Step side Russia: the new global hacking bogeyman is now officially China.
Just days after the US accused Beijing of hacking hundreds of millions of Marriott accounts and extracting the private data of countless Americans, even as the ongoing diplomatic feud over Chinese “intermediation” in western communications via the likes of Huawei escalates, moments ago the EU unveiled that China was now also the new Wikileaks, accusing hacker tied to China’s People’s Liberation Army of a “huge hack” of its diplomatic cables and reviving fears about vulnerabilities in the 28-country bloc’s data systems. Continue reading
Published in the People’s Liberation Army (PLA) Daily—a mouthpiece for the military—the warning outlines the risks (link in Chinese) of all devices smart and wearable: watches, fitness trackers, and glasses are all addressed.
“The moment a soldier puts on a device that can record high-definition audio and video, take photos, and process and transmit data, it’s very possible for him or her to be tracked or to reveal military secrets,” says the message, without mentioning any specific products. Continue reading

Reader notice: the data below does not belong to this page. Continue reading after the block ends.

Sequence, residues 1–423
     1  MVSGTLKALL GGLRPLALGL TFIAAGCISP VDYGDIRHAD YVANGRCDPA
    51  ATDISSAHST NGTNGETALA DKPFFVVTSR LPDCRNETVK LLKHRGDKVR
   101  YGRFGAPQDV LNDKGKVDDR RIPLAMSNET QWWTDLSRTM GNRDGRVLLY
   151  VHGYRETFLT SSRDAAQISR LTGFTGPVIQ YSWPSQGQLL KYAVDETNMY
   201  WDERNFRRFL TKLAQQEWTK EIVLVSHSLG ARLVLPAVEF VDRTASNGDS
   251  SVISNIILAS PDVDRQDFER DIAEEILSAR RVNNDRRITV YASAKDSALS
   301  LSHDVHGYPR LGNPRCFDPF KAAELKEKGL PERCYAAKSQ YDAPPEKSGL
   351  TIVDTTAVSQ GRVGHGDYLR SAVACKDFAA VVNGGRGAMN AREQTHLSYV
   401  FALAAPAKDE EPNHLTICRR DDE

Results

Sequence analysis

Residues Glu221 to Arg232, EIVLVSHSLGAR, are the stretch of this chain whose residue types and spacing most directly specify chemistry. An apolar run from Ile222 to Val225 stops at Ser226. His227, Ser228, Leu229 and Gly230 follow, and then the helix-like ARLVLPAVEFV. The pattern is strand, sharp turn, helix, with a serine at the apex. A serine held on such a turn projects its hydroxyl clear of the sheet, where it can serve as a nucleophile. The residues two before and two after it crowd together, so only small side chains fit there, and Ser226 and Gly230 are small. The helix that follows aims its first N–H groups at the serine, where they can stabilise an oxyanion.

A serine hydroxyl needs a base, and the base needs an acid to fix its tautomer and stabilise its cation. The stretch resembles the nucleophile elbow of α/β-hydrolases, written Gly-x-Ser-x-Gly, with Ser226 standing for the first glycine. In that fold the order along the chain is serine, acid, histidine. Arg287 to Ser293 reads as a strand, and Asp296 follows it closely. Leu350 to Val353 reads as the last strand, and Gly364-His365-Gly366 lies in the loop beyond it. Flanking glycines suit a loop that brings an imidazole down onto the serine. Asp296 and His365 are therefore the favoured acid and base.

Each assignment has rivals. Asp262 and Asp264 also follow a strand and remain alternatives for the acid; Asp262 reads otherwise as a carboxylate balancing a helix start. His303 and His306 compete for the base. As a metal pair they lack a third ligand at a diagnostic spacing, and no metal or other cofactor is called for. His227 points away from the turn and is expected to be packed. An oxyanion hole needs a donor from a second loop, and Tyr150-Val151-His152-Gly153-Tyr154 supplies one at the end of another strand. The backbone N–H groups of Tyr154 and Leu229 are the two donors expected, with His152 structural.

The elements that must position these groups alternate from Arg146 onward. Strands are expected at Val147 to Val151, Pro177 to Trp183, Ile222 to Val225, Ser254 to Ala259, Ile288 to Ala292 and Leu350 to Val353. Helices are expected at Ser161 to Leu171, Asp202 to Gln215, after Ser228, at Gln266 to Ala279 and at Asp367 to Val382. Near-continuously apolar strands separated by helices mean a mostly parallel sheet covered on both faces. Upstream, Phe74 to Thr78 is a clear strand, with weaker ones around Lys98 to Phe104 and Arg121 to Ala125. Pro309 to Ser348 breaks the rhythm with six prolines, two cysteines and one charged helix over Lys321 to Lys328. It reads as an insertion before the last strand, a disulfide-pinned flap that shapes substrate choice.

And what will be done about this? Nothing. At best, and sadly, the most amount of action anyone will take is sitting around the dinner table and complaining about it with family and friends. Then the next day begins and it’s already forgotten, then on to with the next issue of the day. The American Shopping Mall Regime has better things to do, such as following the Kardashians while the country falls apart all around them.
This evening, while you settle down to watch Death In Paradise or Birds Of A Feather, the disturbing reality is that your television set may also be watching and listening to you.
If you own a ‘smart TV’ from South Korean tech giant Samsung, every word you say can be captured by the device and beamed over the internet to Samsung and to any other companies with whom it chooses to share your data.
This ability for the TV to earwig your conversations on the sofa is part of the set’s voice command feature, which enables viewers to tell the TV to change channels rather than use a remote. Continue reading